But it will also mark a major milestone for millions of Catholics across the country, including the 200,000 members of the Archdiocese of Louisville.
Sweeping changes to the church liturgy–the ritual prayers recited during Mass—go into effect.
One of the revisions involves a greeting between priest and congregation. The priest says, “the Lord be with you.”
Right now the congregation responds with, “and also with you.” The new response will be “and with your spirit.”
It’s among many changes in the newest translation of the Roman Missal, the third since the Vatican directives of the 1960s that allowed for an English-language Mass.
This version bears the mark of the late Pope John Paul II, who called for an English translation more faithful to the original Latin text.
Dr. Judy Bullock, director of the Archdiocese of Louisville’s Worship Office, says the new missal is intended to provide a richer understanding of the Latin ritual.
“They get more of a word-for-word translation, so we’re going to actually be praying more exactly what is there for the universal church around the world.”
Bullock says by and large, parishioners she’s encountered are enthusiastic as they prepare for the changes.
But the revised liturgy has its critics.
“In general, it is not needed,” says Micheal Diebold.
Diebold spent ten years in the priesthood and remains active in a Louisville-area church. He’s co-chair of a group called Louisville Liturgy Forum, which has been speaking out against the changes.
He says the new translation is often awkward and it contains obscure, less conversational words like “consubstantial,” and changes that he fears will mark a return to a more patriarchal church and alienate Catholics.
“They will not, in my opinion, be able to easily enter the Paschal mystery of Christ dying and rising that they can now, with the translation that we have now,” he said.
But church leaders say there’s no reason for anxiety.
“I tell people jokingly that it’s kind of like me taking a golf lession,” says Louisville Archbishop Joseph Kurtz. “It gives me a chance to get back and in a sense look and redo the things that I love about the game and hopefully I’ll play it a little better.”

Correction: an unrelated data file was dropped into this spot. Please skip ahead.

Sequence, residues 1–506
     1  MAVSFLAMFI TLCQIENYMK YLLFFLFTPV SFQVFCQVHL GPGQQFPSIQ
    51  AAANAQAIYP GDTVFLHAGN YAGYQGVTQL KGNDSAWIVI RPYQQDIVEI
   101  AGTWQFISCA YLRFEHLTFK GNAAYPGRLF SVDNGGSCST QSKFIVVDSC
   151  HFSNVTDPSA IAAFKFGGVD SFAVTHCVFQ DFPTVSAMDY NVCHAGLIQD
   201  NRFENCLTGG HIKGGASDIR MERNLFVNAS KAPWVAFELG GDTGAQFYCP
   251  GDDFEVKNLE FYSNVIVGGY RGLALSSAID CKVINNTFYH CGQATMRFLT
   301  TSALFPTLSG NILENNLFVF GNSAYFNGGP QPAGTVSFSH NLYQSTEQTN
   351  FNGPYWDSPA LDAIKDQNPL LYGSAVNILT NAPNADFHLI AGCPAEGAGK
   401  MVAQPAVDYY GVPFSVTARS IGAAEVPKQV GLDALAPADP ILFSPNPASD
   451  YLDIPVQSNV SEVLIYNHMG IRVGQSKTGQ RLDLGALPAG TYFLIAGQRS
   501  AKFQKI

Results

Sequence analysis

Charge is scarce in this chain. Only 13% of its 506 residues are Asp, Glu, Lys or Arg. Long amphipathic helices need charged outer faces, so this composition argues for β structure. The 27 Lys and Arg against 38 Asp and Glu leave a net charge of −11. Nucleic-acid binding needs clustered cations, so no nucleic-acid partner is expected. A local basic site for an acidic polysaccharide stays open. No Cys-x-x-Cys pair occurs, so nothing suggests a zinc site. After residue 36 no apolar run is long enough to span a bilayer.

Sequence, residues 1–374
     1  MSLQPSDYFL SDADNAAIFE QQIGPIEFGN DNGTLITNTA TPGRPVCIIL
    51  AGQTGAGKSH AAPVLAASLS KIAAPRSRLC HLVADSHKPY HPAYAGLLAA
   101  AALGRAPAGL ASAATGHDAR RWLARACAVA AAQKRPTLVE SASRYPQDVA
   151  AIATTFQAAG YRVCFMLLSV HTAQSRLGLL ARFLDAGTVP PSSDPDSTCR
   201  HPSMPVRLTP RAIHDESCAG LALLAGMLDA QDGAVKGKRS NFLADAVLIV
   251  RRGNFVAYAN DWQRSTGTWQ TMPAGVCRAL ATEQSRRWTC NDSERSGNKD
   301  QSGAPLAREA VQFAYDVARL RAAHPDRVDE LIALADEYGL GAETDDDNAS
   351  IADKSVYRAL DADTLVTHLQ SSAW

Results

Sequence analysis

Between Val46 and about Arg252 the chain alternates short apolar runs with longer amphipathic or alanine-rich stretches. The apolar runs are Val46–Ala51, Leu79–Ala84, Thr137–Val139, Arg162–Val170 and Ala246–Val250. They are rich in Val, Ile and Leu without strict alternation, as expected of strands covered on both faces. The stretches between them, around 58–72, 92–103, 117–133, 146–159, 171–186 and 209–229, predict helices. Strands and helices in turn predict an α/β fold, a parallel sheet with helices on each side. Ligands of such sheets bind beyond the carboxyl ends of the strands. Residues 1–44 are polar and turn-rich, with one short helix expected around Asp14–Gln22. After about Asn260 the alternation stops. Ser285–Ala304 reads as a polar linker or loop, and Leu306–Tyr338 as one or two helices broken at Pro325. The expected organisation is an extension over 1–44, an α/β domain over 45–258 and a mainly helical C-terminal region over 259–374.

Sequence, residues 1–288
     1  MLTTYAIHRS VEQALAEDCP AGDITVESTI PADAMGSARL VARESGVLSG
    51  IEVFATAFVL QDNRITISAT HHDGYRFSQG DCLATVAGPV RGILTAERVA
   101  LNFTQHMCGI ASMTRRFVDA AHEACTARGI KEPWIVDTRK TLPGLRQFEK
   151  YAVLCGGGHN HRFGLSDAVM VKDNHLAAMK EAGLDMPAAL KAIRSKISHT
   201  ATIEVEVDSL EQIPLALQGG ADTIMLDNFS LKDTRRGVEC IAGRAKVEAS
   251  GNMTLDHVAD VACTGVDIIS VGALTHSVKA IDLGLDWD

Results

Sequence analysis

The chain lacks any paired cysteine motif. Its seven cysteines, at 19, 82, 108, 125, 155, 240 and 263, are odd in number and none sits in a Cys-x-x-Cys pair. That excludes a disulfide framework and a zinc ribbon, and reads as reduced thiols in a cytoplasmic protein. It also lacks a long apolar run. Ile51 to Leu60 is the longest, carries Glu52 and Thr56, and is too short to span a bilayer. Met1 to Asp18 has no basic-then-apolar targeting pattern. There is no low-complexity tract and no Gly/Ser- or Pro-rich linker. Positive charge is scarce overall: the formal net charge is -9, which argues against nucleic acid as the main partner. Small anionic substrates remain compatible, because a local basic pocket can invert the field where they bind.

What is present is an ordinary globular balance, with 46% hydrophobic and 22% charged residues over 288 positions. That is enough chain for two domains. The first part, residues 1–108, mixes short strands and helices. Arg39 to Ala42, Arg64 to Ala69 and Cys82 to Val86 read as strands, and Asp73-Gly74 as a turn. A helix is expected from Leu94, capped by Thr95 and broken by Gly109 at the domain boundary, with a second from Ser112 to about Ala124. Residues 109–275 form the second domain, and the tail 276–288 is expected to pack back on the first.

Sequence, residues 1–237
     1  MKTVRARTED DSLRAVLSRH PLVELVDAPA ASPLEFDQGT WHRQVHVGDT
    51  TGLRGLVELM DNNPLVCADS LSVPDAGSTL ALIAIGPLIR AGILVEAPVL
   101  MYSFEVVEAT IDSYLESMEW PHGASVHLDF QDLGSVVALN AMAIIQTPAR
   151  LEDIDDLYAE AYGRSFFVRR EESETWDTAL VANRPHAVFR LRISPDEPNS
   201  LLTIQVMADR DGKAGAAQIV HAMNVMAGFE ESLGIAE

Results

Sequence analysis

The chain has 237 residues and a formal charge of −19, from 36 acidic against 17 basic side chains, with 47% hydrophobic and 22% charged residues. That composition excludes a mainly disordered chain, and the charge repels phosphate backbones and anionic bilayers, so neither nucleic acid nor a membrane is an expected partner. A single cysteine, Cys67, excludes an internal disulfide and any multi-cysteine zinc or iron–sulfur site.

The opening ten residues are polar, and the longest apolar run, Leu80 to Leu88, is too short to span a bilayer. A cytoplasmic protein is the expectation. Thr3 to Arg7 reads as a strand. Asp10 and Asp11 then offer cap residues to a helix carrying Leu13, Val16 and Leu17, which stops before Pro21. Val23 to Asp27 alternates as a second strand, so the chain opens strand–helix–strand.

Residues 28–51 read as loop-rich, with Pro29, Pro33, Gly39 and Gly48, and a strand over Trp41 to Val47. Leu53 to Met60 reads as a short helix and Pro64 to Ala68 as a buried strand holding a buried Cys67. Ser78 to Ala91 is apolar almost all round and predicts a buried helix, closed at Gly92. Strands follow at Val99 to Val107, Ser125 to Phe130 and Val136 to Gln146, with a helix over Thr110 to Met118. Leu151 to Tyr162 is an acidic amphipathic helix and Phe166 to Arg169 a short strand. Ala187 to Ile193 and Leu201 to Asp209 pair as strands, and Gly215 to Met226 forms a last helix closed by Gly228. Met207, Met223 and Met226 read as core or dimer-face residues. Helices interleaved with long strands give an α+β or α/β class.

Kurtz says, yes, there are a few words in the new liturgy that you probably won’t hear on the street, as there are now, but he doesn’t believe they will be disruptive.
“I think they will find more vivid words. I use the example that is one of my favorites is right now. At the Eucharistic Prayer, the priest says ‘from the East to the West. We’ll be saying in the new translation, “from the rising of the sun to the setting.” That’s poetic, it’s biblical, gosh I think it’s much more inviting.”
At the O’Bryan family home in eastern Louisville, eight members of St. Albert the Great Parish are gathered in the living room for their weekly Why Catholic? meeting. It’s a program that allows Catholics to meet in small groups and discuss their faith.
This group is not overly concerned about the changes. Member Steve Teaford sees it as another learning opportunity.
“We take it for granted, and I think we’ve come together in a group and sort of talked about some of these things. And it’s given us a new perspective, sort of a new energy for the liturgy in a lot of different ways,” Teaford said.
While parishioners have been preparing for the liturgical changes, Archbishop Joseph Kurtz expects there will be some initial confusion with the new missal, but he hopes they will take it in stride.
“And I hope in some ways not get so serious that we don’t enjoy even making a mistake occasionally,” he said.
(Photo courtesy of the Archdiocese of Louisville)